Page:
While not desiring entirely to jump in to the Twitter craze of mass updating while avoiding (gasp!) human contact, I think it need not be so overkill. As I have already been accustomed to updating every now and then on Facebook, I figure it might not hurt to do the updating on Twitter instead and then link those to my Facebook profile.

Not that I am that important or anything, but if this is how people are communicating these days, might as well be a little part of it.

That said, feel free to follow me @hauckmatt




When the Father was against his Son

There are few places in the Bible that speak in such picturesque language as we find in the Book of the Twelve (aka the "minor" prophets). One of the most prominent themes we find in these books is the indictment of sin and the promise of judgment, not forgetting a future restoration for the believing remnant.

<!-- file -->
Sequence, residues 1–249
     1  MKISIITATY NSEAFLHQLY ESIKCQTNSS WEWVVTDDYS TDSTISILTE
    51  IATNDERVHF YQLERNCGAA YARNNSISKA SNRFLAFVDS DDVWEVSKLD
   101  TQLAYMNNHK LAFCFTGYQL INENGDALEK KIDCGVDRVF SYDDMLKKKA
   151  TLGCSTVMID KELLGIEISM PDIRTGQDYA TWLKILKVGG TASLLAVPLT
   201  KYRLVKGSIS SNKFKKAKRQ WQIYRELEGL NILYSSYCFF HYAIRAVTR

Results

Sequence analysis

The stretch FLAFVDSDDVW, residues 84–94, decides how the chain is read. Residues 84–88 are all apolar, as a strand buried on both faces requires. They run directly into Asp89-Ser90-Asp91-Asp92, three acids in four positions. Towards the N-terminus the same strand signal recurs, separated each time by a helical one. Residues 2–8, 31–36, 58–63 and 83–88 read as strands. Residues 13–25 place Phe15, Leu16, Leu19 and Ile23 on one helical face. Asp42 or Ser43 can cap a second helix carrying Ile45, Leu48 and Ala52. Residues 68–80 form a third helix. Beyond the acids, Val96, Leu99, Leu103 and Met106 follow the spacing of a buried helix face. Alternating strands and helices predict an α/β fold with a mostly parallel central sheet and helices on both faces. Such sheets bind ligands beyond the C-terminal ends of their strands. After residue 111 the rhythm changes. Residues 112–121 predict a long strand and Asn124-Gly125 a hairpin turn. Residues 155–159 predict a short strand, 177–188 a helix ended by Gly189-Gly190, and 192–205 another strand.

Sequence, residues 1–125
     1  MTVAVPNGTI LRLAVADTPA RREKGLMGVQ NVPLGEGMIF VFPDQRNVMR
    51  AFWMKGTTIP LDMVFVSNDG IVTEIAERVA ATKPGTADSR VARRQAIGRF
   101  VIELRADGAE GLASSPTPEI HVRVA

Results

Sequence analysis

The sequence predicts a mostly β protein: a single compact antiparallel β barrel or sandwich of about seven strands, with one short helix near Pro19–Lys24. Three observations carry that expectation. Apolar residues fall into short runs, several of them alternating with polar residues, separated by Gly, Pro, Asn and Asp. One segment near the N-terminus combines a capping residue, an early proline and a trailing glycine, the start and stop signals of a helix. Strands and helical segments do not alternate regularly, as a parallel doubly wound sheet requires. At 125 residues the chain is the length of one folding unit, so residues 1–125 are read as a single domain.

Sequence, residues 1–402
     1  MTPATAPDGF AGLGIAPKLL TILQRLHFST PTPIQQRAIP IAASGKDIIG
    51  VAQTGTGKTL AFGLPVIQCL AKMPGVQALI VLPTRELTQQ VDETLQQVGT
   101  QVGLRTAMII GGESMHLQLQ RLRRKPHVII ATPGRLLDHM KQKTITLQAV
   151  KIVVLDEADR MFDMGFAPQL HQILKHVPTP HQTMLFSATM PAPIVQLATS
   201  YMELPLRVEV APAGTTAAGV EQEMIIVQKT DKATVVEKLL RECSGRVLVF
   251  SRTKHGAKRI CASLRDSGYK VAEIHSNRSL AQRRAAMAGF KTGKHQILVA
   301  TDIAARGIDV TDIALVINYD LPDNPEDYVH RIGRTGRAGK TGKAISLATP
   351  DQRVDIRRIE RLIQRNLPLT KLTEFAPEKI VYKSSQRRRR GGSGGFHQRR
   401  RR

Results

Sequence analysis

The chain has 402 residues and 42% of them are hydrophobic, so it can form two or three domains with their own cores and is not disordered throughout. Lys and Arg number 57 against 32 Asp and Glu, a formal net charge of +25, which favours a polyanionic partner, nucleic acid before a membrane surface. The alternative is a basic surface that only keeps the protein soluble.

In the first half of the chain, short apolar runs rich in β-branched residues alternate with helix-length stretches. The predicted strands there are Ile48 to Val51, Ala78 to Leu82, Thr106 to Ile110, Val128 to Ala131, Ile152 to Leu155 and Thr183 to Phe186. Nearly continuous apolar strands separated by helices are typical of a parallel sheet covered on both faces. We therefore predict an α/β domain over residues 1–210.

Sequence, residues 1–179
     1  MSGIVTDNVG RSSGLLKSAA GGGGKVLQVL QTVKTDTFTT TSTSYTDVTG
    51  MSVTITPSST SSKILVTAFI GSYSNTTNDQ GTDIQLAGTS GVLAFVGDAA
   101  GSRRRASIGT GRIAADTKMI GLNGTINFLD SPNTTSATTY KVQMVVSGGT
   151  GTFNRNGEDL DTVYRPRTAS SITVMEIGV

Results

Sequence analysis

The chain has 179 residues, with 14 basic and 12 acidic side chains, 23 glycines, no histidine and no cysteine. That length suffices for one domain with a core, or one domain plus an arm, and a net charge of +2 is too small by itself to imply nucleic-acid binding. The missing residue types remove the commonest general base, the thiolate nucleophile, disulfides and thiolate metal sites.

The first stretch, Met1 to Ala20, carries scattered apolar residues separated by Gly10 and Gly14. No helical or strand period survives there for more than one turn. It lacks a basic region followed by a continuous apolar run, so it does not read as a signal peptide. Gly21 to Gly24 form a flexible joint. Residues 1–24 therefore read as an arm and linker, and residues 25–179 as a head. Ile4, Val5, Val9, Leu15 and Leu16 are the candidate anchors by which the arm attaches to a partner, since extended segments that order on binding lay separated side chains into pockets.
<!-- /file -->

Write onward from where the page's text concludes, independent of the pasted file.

A result of this is that these books contain much graphic language the evokes powerful images about the wrath of God and his coming judgment. Examples:

For behold, the Lord is coming out of his place, and will come down and tread upon the high places of the earth. And the mountains will melt under him, and the valleys will split open, like wax before the fire, like waters poured down a steep place. (Micah 1:3-4)

The Lord is a jealous and avenging God; the Lord is avenging and wrathful; the Lord takes vengeance on his adversaries and keeps wrath for his enemies. The Lord is slow to anger and great in power, and the Lord will by no means clear the guilty. His way is in whirlwind and storm, and the clouds are the dust of his feet. (Nahum 1:2-3)

Nahum, written about the coming destruction of Nineveh (which came about in 612 BC), reaches a sort of climax as God speaks directly to Nineveh with these frightening words: